Further we are authorized in stating that the Church, which was not made known in other ages unto the sons of men, as it has now been revealed to God’s holy apostles and prophets by the Spirit, was nevertheless no afterthought of His; for from the beginning of the world it had been hid in God, who created all things. (Eph. 3:9.) The One who had planned the whole work of creation, and by His divine power had carried out His purpose, had all along kept hidden in the recesses of His bosom that wonderful secret, so closely connected with His glory and His counsels about His Son. Of this Paul was singled out from all intelligent creatures to be the first exponent.

Revealed first to a man, it concerns men, and, as the apostle declared, it was a service given to him to enlighten all as to the dispensation of the mystery. To no Christian therefore should God’s teaching about the Church be uninteresting. None can say that it does not concern them. But further, angelic beings are instructed by the disclosure of this secret; for not only are all to be enlightened as to the dispensation of the mystery, but the manifold wisdom of God is now by the Church made known to the principalities and powers in the heavenlies. (Eph. 3:9, 10.)

Formed, then, so late in the world’s history as the Church was, is it destined, it may be asked, to possess a mere ephemeral existence? By no means. For the epistle, which tells us that the mystery had been hid in God from the beginning of the ages, states clearly that the Church will ever abide. “Unto God,” writes the apostle, “be glory in the Church in (or, and in) Christ Jesus throughout all ages, world without end. Amen.” (Eph. 3:21.) The first heaven and the first earth will pass away; national distinctions, it would seem, will cease; but the Church will throughout eternity exist as something marked and distinct from every one and everything which does not form part of it.

The mystery therefore, we learn, was hidden in God from the beginning of the world, but was not spoken of till the Lord Jesus announced that He would build His assembly; yet we may well believe that it was ever present to the divine mind, though, as God has not stated that, we as creatures are not in a position dogmatically to affirm it. Remembering, however, in what terms it is described in the New Testament, we seem to have adequate grounds to conclude that it was so. For it is the Body of Christ, and will by-and-by be openly owned as His Bride. It is also the building which grows to an holy temple in the Lord.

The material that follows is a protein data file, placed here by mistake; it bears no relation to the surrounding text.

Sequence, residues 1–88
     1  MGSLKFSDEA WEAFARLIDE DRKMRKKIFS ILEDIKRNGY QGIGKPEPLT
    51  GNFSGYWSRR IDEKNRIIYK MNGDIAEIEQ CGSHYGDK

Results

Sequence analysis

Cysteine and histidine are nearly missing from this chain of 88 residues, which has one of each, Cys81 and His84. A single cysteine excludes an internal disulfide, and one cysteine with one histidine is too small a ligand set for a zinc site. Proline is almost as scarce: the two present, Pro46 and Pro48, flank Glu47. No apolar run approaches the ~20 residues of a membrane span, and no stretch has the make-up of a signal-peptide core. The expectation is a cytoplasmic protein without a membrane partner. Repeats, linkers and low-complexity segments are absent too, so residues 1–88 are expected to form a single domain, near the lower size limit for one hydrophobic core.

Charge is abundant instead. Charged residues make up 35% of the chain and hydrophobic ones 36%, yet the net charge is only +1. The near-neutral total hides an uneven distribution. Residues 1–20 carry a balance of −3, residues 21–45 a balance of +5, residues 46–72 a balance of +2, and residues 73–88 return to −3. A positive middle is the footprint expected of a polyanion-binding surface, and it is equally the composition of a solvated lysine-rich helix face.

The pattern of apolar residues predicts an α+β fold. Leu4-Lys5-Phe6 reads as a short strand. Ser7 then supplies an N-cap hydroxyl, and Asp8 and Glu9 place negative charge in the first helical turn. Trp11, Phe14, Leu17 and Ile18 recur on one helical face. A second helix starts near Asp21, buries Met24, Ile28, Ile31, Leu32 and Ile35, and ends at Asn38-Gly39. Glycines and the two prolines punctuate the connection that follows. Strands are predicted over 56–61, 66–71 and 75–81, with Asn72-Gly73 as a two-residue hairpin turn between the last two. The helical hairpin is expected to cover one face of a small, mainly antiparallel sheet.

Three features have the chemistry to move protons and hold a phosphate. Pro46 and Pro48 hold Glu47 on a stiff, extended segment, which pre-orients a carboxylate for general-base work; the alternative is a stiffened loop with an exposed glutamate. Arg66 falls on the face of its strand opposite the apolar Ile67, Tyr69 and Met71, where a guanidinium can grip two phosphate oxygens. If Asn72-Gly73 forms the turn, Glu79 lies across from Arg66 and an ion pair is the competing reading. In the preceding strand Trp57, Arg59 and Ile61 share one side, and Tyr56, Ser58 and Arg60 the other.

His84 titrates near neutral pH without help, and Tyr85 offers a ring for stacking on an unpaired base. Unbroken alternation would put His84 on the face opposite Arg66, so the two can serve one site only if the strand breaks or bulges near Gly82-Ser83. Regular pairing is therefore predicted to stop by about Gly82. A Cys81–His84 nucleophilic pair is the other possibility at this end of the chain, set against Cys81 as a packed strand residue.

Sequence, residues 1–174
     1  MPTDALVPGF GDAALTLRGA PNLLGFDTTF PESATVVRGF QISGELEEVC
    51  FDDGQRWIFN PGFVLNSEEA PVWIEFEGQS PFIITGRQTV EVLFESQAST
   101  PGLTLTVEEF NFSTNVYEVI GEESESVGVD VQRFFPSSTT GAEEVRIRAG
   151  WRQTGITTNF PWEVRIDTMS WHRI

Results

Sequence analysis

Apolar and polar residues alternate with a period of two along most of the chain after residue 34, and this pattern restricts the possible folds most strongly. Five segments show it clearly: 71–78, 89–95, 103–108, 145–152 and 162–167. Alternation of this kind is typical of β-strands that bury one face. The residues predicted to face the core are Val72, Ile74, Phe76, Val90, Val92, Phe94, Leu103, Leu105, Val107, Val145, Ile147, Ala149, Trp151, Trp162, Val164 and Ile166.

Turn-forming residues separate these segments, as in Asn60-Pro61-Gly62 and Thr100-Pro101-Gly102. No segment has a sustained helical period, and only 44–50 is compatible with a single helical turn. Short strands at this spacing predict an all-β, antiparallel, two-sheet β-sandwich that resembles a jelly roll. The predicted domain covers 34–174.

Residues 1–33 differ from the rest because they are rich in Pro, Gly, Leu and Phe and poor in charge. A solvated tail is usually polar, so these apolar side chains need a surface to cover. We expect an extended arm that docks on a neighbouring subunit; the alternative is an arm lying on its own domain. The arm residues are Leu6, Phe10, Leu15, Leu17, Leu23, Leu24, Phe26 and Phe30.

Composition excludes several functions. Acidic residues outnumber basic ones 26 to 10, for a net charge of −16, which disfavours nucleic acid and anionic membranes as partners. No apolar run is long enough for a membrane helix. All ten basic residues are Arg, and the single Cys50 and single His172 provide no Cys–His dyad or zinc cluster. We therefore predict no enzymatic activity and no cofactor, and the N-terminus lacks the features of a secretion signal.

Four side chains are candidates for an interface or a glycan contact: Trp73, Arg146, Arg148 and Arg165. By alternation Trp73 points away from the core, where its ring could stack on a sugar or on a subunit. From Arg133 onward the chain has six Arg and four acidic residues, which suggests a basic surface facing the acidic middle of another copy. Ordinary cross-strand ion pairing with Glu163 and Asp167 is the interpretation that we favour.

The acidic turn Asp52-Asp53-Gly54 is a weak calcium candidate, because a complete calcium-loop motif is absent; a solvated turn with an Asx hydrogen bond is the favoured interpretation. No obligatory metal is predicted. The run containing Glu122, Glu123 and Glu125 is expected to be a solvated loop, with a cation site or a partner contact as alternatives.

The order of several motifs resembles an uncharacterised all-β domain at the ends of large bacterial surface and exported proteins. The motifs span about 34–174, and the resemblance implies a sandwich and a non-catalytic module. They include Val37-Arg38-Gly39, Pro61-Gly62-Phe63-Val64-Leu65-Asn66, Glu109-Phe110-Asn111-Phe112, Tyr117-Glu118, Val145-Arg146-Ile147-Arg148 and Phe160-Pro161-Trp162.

Surely, then, when God acted in creative power, and brought man upon this scene, a creature so different from all the others which He created and made, we may well believe that He had in His mind that man, of which our frame, as we learn, is a figure. Again, when He provided for Adam the helpmeet, formed her out of the man, and brought her to him, is it too much to suppose that other thoughts than those simply of providing the man with a wife were in the divine mind, even thoughts about that Bride which His Son would die to possess, and would sanctify to present her to Himself for His own joy for ever? And when Solomon’s temple was erected, the pattern of which God had given to David (1 Chron. 28:19), and Jehovah graciously and openly took possession of it by the cloud of glory which filled the house, we may well believe that He looked on to that temple which He would build, formed not of material stones, however large and costly, but of stones infinitely more precious to Him, even living stones, believers on the Lord Jesus Christ.

But if any think that by such remarks we are travelling beyond the bounds of sober thought, and entering the realms of airy speculation, such must certainly acknowledge that there was a moment in the life of the Lord Jesus on earth, when the beauty of His Church, His Bride, came within the scope of His vision. For in the house with His disciples He spake that parable of the kingdom, which tells of a merchantman, who, seeking goodly pearls, was satisfied when he had found just one pearl of great price. None at that time could have understood of what He was speaking. Afterwards they must have discerned the purport of His teaching. The one pearl of great price, its value and its beauty acknowledged by the merchantman, left him nothing to desire but to possess it. At what a cost was that done!

What then His disciples could not have understood at the first, some in these days have had opened up to them, and when reading that parable know who is intended by the merchantman, how he gave up all he possessed to acquire the pearl, and of what that one pearl is a figure.

In future papers we hope to enter more at length into this subject of the Church of God.